As a Christmas present, a back-to-back series against the Philadelphia Flyers rates even lower than a stocking full of unburnable coal. But that is the Washington Capitals' gift from the NHL schedule-maker and Act 1 last night at Capital Centre followed the predictable script, ending in a 5-2 victory for the Flyers.
Tonight's rematch at the Spectrum (WDCA-TV-20 at 7:30 p.m.) is even lower on the Capitals' applause meter. At least in Washington, the Capitals have managed six ties against the only team they never have beaten. In Philadelphia, the record reads 12 defeats in 12 games.
For further unpleasantry, Washington must play tonight without defenseman Pat Ribble, who suffered an outside-ligament strain of the right knee in the second period last night. Darren Veitch has been recalled from Hershey to fill that gap. Winger Bengt Gustafsson, troubled by a sprained back, saw restricted duty last night and is questionable for tonight, with the possibility of a further recall before game time.
The Washington fans in the sellout crowd of 18,130 had reason to cheer for 24 minutes, as the Capitals built a 2-0 lead on goals by rookie Tim Tookey, his first in the NHL, and veteran Bob Kelly, his first against his old team of 10 seasons.
Along with the goals, Washington came close to a more solid advantage, both Dennis Maruk and Mike Gartner rattling goal posts and Tookey slipping behind the Flyer defense only to mishandle Gartner's perfect pass.
Letting opportunities slip away against the NHL's No. 1 team is a sure way to court disaster. And so it proved, as the Flyers utilized a 20-7 shooting edge in the second period to grab a 3-2 lead on goals by Bob Dailey, Reg Leach and Tim Kerr. Tom Gorence and Leach wrapped it up in the third period, Leach netting his second of the night and 15th of the season with the Flyers shorthanded.
"We actually outplayed this club for half a game," said Washington Coach Gary Green. "It's a matter of convincing yourself you can do it for a whole game. Of course, as soon as our game plan was affected by the loss of Rib and Gus' problems, we were in trouble. Losing Rib really affected us defensively."
Tookey hit on a power play at 8:55, ending a string of 20 unsucessful extra-man attempts stretching over seven games. He connected on a rebound after the Flyers' Pete Peeters had blocked shots by Gustafsson and Gartner. It was Tookey's second shot, in his second NHL game.
"It was great at the time, but it's not so great when you lose," Tookey said. "I was tense and that took a little pressure off, relaxed me out there. But they're a great team -- down two goals and they just keep coming."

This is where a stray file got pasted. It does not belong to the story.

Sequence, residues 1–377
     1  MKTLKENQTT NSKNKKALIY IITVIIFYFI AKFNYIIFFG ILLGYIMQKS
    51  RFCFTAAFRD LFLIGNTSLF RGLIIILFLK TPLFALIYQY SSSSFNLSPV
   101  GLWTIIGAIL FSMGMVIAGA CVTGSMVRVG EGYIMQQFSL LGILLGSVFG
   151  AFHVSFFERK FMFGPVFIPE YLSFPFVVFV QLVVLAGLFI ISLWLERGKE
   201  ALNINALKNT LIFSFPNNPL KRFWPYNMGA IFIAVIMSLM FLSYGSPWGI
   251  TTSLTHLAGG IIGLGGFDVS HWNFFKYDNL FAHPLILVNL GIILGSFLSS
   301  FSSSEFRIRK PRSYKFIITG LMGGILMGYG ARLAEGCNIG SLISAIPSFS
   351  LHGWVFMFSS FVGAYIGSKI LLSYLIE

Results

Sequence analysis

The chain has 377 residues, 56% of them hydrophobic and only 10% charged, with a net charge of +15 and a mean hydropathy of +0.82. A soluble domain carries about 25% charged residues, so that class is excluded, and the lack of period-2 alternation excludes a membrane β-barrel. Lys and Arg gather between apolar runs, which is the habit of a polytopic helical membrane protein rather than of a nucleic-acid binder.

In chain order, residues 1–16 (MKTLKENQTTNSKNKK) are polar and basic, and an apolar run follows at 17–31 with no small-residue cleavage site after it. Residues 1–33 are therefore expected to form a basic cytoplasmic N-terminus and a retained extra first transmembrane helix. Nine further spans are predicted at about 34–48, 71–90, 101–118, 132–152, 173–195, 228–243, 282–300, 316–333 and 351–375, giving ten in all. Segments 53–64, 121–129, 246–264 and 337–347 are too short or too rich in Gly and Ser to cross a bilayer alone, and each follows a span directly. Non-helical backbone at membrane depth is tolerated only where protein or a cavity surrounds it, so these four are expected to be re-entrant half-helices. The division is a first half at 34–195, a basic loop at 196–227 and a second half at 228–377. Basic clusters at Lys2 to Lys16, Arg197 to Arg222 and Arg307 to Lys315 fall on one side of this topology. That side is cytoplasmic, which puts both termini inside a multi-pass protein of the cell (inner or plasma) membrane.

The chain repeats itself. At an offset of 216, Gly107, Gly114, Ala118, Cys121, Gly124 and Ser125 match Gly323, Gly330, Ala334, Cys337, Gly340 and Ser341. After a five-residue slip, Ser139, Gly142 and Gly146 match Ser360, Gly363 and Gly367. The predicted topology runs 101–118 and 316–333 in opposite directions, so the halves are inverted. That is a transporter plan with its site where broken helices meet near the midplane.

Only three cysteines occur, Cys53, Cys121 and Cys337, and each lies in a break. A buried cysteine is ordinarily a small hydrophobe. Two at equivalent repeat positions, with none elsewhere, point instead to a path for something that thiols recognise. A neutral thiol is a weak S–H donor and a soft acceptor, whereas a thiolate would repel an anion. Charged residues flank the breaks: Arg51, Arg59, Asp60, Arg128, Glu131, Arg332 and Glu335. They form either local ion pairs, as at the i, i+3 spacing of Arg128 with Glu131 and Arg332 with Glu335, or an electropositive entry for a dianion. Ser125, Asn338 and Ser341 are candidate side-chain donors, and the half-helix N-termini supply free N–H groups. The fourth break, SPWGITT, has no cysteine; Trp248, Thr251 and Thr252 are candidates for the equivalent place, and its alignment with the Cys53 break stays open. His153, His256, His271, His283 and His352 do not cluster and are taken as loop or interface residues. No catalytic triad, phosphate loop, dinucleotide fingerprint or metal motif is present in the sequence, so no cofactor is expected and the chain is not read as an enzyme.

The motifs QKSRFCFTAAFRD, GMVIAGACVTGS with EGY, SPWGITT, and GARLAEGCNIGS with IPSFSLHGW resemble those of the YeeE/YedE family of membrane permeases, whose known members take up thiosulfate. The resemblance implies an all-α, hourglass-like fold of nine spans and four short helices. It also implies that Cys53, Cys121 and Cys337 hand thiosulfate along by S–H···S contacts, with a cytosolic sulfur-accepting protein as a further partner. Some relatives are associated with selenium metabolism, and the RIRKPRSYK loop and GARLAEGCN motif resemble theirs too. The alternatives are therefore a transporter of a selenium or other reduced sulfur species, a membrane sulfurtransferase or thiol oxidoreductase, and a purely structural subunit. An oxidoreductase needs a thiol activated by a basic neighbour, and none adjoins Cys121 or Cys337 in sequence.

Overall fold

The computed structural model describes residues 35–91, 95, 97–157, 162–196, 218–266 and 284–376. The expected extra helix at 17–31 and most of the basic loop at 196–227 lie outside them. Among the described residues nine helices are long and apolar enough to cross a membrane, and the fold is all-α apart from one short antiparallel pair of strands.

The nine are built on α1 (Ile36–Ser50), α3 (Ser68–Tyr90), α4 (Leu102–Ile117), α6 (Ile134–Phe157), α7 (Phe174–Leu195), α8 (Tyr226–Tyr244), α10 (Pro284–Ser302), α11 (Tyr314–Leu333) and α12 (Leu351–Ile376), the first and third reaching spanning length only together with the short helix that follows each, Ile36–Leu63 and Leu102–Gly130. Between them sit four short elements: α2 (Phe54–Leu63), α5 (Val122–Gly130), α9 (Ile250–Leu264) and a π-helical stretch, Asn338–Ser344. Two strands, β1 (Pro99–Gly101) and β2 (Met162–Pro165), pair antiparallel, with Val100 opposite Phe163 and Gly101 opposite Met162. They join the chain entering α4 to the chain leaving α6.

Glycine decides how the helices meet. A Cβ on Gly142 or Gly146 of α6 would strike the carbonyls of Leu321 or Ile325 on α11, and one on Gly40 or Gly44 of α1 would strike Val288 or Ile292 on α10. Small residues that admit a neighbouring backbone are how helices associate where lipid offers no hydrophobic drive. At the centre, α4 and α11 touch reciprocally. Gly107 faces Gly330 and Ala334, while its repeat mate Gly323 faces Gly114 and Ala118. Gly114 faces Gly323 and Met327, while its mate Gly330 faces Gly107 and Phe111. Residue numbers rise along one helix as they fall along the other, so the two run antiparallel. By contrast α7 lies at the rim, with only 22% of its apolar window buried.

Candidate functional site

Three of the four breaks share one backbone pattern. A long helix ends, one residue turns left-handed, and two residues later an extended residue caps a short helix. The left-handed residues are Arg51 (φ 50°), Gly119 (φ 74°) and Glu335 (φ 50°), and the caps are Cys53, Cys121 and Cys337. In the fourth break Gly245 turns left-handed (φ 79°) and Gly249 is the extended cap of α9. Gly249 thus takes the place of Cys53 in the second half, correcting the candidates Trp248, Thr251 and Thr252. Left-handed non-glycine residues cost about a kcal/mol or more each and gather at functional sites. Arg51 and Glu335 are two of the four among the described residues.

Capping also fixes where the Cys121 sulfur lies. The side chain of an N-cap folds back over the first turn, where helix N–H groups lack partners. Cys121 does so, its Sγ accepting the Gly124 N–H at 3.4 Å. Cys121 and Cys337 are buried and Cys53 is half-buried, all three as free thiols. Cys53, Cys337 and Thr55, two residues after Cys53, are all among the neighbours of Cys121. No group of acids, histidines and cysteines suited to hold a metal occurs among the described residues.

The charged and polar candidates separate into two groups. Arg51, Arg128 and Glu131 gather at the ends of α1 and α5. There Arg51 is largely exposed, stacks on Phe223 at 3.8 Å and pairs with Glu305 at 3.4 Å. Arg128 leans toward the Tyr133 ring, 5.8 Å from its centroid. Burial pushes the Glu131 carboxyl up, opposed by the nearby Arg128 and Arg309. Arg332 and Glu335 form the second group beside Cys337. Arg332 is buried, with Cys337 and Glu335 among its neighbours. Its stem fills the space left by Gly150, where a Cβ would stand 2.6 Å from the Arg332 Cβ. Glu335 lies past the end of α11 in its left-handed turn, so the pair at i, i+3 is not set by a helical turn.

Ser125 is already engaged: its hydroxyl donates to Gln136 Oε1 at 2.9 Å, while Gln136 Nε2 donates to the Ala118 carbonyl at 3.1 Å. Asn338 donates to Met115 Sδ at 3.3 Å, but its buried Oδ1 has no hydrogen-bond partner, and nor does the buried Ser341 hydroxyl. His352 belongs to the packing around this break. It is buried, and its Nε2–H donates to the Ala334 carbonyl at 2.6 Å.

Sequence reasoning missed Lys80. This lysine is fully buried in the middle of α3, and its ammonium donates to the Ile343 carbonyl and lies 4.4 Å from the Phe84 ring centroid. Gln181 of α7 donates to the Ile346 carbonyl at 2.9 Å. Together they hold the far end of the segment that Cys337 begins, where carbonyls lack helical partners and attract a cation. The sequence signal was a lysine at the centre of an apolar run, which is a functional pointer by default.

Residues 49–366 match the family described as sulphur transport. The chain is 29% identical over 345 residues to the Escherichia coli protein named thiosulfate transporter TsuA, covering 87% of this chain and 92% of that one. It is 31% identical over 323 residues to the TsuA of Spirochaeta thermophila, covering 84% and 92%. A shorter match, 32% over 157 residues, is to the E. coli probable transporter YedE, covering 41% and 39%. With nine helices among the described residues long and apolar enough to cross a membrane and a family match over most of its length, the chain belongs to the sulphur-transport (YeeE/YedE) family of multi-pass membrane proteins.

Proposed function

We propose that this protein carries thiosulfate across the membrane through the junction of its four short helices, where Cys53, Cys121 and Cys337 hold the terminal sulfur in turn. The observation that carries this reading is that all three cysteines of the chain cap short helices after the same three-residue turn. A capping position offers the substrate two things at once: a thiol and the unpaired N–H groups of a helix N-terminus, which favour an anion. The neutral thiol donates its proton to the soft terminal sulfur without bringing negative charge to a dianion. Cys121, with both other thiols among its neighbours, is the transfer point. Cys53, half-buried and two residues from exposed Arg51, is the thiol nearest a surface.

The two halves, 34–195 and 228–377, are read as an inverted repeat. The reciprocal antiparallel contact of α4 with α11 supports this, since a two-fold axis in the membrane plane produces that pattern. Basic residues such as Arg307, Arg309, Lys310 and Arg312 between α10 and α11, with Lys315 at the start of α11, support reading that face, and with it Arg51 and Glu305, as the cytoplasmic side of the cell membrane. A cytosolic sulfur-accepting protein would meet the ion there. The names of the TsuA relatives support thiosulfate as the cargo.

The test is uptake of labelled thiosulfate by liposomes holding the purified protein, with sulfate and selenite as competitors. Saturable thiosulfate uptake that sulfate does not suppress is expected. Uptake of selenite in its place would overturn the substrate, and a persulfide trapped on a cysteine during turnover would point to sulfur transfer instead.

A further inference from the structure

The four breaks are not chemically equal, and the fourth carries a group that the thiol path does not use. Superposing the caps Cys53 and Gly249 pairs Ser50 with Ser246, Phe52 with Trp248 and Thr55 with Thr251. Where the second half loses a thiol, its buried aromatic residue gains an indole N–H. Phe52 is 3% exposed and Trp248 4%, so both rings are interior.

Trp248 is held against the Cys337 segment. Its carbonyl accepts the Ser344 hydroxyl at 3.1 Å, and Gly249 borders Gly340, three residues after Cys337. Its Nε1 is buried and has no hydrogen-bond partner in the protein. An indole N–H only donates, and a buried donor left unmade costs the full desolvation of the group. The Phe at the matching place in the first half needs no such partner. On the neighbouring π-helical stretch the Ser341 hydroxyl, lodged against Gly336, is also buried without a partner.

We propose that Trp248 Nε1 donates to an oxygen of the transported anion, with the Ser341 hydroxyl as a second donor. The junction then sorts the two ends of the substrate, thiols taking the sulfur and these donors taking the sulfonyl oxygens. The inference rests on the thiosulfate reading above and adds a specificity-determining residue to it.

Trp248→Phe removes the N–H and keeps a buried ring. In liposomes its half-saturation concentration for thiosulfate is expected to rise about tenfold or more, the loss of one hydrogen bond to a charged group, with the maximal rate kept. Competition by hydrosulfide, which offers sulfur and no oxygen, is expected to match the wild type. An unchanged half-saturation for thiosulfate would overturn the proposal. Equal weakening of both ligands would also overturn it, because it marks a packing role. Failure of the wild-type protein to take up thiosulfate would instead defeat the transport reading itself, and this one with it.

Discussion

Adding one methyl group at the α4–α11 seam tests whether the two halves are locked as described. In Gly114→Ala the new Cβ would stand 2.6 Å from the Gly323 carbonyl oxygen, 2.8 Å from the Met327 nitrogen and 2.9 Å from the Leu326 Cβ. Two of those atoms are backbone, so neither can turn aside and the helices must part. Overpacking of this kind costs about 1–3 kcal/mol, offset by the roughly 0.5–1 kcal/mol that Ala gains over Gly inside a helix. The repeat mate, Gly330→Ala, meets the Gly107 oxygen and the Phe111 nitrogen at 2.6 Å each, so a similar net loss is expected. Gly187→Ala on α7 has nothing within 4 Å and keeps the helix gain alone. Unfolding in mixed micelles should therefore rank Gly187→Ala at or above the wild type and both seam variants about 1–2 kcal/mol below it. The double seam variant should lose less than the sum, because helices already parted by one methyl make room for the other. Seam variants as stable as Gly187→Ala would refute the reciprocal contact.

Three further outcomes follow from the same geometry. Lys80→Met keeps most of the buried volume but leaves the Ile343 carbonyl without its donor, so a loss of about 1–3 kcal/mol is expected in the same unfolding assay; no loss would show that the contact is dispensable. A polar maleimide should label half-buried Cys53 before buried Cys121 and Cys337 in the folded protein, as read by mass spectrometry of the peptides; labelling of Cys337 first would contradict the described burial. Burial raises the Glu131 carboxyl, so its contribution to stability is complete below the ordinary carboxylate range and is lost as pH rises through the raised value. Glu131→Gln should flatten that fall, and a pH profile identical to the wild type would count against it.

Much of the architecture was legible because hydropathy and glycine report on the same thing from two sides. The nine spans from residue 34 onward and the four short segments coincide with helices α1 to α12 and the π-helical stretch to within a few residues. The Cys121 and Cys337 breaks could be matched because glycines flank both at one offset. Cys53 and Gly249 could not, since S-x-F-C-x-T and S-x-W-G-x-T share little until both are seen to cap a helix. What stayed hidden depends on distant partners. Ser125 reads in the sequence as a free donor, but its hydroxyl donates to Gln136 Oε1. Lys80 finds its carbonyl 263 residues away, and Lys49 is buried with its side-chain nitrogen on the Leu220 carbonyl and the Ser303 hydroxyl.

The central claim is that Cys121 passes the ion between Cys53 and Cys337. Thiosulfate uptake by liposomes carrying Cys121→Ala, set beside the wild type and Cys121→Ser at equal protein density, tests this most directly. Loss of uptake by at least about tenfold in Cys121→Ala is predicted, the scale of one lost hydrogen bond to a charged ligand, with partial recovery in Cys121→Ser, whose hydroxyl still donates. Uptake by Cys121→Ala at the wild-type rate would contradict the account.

Kelly, the only player to receive a 100 percent favorable greeting from the mixed assemblage of Flyer and Capital fans, faked a pass to Dennis Maruk and scored on the front of a two-on-one against Terry Murray at 16:27. The play was set up when defenseman Howard Walker knocked Flyer Paul Holmgren off the puck at the other end.
"I never place much emphasis on goals and assists," Kelly said. "If we got a point or two points out of it, I'd be more satisfied. It doesn't do any good when you lose. You can never give up on those guys, no matter how far behind they are. To beat them, you've got to work for 60 minutes and get the breaks. We didn't work for 60 minutes. Palmy (goalie Mike Palmateer) was great, but we didn't help him enough."
A bad pass by rookie Jim McTaggart was converted into a goal by Dailey, then the Flyers scored on a pair of power plays just 28 seconds apart to move in front.
After Gartner flubbed a shot off a fine Tookey pass early in the third period, Gorence came around from behind the Washington net and slipped a shot past Palmateer from an angle that appeared so impossible the Capitals briefly complained that the cage had been lifted up. Leach's shorthanded score was just icing on the Christmas fruitcake.
Although referee Bob Myers called 76 minutes in penalties, 43 against the Flyers, there were more fights among beer-saturated fans than on the ice. The lone fistic encounter of note matched Kelly and Flyer bully boy Paul Holmgren, shortly after Kelly's goal.
"We were banging and clomping around a bit, that's all," Kelly said. "I'm no great fighter. When it happens, it happens, but it didn't mean anything."